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The $250 Check's in the Mail — Beware of Scams

Older Man on PhoneThis week the federal government began mailing $250 checks to Medicare Part D enrollees who have reached the doughnut hole where Part D no longer covers prescription drugs.

These checks are sent automatically to seniors when 2010 prescription costs reach the coverage gap.

It is not necessary to apply for the check!

But scam artists are already at work, contacting  seniors and other Medicare beneficiaries asking for social security numbers, bank accounts, and pretending to help them apply for the $250 rebates.

The Centers for Medicare and Medicaid Services has begun a national education campaign to help consumers protect themselves against rebate check fraud.  It includes radio, television, and print advertising along with outreach efforts.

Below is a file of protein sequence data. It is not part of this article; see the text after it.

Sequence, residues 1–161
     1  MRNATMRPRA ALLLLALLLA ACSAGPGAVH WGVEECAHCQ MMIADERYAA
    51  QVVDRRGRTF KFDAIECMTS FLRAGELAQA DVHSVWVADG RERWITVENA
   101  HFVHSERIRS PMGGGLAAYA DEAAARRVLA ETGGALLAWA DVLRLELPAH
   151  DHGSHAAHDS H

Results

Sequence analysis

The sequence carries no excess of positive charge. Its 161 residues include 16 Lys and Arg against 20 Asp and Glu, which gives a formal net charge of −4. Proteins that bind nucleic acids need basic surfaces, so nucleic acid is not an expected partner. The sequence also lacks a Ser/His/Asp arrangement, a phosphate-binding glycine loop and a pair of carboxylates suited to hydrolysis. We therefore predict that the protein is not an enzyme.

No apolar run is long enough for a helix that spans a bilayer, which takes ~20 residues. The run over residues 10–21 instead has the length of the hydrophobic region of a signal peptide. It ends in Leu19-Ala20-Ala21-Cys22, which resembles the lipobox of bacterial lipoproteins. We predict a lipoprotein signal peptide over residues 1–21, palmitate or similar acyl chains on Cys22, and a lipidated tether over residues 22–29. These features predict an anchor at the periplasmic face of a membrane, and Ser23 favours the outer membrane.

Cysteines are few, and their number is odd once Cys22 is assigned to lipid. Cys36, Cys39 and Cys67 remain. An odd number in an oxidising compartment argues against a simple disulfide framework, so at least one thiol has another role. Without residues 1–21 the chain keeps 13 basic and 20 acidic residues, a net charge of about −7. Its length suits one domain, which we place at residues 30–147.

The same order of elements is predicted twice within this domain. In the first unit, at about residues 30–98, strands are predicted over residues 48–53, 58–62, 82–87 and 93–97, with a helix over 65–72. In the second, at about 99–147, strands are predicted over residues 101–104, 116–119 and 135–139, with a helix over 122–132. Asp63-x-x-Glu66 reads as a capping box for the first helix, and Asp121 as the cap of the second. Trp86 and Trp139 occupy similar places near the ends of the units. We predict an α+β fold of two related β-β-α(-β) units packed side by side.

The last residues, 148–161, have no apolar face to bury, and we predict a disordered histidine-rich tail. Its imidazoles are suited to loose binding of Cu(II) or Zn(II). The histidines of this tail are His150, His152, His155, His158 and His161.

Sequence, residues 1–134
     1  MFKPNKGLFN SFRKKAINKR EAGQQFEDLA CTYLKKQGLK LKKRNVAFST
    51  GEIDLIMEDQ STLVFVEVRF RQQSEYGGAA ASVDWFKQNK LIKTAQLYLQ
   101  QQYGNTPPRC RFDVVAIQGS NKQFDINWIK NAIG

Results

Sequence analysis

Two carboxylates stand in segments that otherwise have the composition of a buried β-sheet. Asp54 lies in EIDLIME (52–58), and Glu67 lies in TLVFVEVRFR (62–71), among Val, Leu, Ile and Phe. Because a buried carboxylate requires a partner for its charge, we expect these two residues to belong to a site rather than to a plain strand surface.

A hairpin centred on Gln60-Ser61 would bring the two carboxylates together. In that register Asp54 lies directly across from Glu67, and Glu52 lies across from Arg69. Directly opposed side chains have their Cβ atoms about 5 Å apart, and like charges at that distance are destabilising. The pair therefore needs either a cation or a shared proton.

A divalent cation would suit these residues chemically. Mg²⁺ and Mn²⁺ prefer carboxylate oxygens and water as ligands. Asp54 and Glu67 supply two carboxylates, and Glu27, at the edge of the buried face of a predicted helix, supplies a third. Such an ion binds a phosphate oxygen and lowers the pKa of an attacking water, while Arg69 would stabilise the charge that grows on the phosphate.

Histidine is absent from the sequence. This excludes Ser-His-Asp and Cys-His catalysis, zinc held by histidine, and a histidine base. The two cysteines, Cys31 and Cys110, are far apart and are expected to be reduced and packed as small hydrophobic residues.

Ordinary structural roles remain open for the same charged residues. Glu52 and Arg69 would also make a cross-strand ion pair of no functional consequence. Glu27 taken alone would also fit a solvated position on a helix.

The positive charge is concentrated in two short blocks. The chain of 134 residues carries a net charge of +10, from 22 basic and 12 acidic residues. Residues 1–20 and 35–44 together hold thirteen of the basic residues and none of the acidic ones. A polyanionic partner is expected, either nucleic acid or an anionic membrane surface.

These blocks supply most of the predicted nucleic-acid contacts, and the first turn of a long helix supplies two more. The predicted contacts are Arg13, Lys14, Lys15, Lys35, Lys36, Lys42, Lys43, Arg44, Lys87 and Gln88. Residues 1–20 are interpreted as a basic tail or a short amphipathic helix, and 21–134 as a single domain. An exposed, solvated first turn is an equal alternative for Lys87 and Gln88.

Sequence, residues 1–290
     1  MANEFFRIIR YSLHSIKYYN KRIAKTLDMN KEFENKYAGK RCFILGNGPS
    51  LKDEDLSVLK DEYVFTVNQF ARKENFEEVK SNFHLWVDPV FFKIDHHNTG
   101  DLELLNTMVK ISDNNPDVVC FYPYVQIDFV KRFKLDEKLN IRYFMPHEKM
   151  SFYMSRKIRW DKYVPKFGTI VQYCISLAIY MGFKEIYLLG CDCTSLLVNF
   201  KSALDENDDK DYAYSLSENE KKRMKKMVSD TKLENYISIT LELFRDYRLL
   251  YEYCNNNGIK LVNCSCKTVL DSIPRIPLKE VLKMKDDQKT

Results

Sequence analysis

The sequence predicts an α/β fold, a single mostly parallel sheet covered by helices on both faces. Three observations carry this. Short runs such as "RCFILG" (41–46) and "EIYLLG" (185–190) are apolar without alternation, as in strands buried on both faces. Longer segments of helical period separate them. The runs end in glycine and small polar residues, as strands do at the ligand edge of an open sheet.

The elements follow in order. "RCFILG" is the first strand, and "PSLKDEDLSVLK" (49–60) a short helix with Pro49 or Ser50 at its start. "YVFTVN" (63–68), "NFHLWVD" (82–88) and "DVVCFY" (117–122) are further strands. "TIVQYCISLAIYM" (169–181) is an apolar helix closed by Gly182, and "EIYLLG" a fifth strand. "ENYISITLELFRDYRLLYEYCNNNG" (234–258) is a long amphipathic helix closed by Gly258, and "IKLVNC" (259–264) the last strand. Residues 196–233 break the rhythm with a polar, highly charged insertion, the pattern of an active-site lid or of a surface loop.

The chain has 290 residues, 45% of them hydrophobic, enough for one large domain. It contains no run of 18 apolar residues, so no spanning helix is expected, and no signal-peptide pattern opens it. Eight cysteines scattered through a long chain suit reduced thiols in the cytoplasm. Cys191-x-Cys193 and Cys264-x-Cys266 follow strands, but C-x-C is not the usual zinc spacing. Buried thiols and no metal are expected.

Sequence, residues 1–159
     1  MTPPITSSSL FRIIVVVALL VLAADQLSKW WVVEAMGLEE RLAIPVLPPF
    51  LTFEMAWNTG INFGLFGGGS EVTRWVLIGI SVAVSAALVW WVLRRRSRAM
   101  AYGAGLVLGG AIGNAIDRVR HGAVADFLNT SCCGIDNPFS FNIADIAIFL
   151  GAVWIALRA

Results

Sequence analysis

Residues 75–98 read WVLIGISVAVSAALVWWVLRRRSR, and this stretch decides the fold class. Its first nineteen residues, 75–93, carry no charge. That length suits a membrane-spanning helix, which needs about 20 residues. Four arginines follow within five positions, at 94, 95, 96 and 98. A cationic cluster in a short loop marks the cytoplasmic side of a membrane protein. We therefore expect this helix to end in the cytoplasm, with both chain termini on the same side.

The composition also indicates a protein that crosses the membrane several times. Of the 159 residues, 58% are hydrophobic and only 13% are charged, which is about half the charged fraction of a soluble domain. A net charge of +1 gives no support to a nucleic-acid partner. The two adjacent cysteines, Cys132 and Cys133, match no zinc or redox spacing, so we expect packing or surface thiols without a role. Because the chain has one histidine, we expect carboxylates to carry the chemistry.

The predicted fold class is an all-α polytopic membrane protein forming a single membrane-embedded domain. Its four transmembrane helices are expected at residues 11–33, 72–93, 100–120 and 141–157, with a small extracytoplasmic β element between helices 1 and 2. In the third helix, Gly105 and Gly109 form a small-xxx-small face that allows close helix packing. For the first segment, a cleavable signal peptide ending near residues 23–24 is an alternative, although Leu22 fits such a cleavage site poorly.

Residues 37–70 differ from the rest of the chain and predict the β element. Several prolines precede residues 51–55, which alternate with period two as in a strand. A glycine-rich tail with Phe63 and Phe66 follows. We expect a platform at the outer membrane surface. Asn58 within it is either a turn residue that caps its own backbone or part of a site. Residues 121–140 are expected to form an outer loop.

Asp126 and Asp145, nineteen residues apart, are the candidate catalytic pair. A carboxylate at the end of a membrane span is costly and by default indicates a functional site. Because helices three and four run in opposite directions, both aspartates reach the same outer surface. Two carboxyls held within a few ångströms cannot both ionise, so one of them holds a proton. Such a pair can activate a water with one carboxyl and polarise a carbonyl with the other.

CMS Acting Administrator Marilynn Tavenner told the press,

Since early April, we have learned of seniors across the country who are being asked for personal information to help them get a rebate check,” Beneficiaries who reach the donut hole will get a check mailed to the same address Medicare uses to send them information now without doing anything special. Seniors should be on the look-out for scams where people they don’t know ask them for their personal information in order to get their checks. This is not how the process will work. Checks will come directly to beneficiaries who qualify for this benefit under the Affordable Care Act. Seniors or family members should contact us at 1-800-MEDICARE to report any of these types of calls or go to www.stopmedicarefraud.gov to learn more about efforts to fight scams like these.

Rebate checks are part of the Affordable Care Act which will continue to provide discounts for prescription drugs until the coverage gap is finally closed in 2020.

If someone acts you for personal information over the phone, especially if they ask for social security numbers or bank accounts, HANG UP.

And then let Medicare know.

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